The fire that burned on the tracks of the Orange Line last month was sparked by a detached safety sign, according to an internal investigation by the MBTA.

The track fire occurred on Aug. 23 during a Friday afternoon rush as a northbound train passed between the Wellington and Malden Center stations. Passengers were evacuated from the train, and full service resumed about four hours after the incident. No major injuries were reported.

"At that time, one warning sign made contact with both the third rail, and a 'contact shoe,'" Joe Pesaturo, spokesperson for the MBTA, said in a statement to WGBH News. A contact shoe is a part of the undercarriage that draws electricity to power the train.

The metal safety sign is one of hundreds within the MBTA system that identifies where below-grade power and close-to-the-surface signal equipment exist. The metal sign's improper contact with the electrical components ignited a high-power spark and eventually a fire, Pesaturo said.

In the statement, Pesaturo said it's unclear why the sign was not securely fastened. After the incident, he said, the MBTA launched a system-wide audit of "all similar signage," and identified seven other signs that needed additional fastening — one on the Orange Line and six on the Red Line.

Pesaturo said the MBTA is “enhancing its inspection protocols” to make sure signs along the system’s tracks remain secure.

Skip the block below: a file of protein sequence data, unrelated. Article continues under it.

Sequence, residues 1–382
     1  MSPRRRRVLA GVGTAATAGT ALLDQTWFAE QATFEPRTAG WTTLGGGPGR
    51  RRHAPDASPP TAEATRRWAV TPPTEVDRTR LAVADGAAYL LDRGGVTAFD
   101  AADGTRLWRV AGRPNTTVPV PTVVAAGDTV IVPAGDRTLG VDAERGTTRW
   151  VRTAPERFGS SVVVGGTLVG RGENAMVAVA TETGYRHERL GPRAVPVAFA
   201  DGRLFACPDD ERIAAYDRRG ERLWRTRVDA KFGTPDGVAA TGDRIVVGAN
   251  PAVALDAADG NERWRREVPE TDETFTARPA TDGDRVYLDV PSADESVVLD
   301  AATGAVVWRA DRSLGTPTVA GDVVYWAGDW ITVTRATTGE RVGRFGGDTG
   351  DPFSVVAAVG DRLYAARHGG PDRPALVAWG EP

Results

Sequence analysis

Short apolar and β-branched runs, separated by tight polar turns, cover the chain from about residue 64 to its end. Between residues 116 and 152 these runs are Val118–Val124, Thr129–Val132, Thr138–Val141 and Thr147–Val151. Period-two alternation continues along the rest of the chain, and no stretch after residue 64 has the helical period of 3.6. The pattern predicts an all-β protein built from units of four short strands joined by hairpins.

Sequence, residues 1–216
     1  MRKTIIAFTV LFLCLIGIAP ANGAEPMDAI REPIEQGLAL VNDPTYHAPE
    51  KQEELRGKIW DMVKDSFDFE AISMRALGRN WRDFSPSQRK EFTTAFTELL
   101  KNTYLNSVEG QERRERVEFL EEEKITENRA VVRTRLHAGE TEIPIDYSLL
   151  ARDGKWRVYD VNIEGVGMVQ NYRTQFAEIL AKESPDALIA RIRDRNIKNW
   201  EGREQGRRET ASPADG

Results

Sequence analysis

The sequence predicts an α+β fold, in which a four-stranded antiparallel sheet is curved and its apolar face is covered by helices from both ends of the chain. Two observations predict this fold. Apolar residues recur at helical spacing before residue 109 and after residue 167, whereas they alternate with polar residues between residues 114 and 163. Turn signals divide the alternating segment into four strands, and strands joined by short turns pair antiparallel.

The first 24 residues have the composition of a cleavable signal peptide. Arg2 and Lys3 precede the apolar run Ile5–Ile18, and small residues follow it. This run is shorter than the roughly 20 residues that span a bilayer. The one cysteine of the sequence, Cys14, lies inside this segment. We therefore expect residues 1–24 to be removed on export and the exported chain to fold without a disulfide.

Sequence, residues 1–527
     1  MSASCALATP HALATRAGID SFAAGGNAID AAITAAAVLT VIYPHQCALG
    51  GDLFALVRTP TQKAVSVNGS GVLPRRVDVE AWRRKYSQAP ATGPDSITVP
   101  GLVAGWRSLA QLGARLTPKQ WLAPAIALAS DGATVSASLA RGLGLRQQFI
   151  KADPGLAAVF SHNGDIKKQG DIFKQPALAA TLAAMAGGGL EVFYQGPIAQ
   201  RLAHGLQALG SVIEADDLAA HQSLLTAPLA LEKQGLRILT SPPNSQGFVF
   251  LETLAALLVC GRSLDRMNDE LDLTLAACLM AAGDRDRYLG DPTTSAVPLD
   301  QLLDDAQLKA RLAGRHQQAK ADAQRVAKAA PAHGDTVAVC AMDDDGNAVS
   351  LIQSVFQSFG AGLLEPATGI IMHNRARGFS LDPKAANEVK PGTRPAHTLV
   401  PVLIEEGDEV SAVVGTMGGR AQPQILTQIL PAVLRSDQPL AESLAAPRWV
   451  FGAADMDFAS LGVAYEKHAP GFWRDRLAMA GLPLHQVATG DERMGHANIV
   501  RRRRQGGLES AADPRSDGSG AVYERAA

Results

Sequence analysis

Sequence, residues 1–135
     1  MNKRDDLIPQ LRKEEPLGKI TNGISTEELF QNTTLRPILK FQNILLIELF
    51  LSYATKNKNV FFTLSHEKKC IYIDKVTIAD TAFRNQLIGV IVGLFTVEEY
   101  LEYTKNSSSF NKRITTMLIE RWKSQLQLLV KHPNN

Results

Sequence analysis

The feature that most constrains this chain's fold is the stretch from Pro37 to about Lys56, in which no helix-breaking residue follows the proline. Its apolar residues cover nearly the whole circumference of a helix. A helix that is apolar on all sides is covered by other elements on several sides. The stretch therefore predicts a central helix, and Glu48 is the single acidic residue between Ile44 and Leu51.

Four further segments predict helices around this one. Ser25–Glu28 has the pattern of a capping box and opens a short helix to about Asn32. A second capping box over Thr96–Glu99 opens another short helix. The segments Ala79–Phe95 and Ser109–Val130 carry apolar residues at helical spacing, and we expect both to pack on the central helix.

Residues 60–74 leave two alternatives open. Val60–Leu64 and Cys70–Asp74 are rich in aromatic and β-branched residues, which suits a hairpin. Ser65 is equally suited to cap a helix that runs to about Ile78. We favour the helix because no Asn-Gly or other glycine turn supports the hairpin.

The Orange Line shuttles passengers along an 11-mile route from Jamaica Plain, through Roxbury, downtown Boston, Somerville, Medford and Malden. This year, the line has received focused maintenance, including the installation of new rail and the addition of new cars, which were temporarily taken out of service this weekend for door maintenance.

Jarred Johnson, chief operating officer for the advocacy group Transit Matters, reacted to news of the August fire’s cause and the subsequent audit with concern and a renewed call for increased regular maintenance along the T.

“This is the second time the T has had to go back and address things based on what they found from an incident,” he said, pointing to June’s Red Line derailment. In that case, an investigation found a faulty, uninspected portion of the train’s undercarriage led to the fracturing of an axle, which caused the train car to leave the tracks.

“We’re glad that they were able to pinpoint the cause relatively quickly,” Johnson said. “But this really just highlights how we need new revenue, not only for the expansion and the new services that we need, but also just to keep up with our maintenance and modernization program.”

Johnson, a Red Line rider, said that the news only adds to what he described as riders’ sense of resignation about public transportation in and around Boston, where maintenance issues and inconsistent commutes have become commonplace.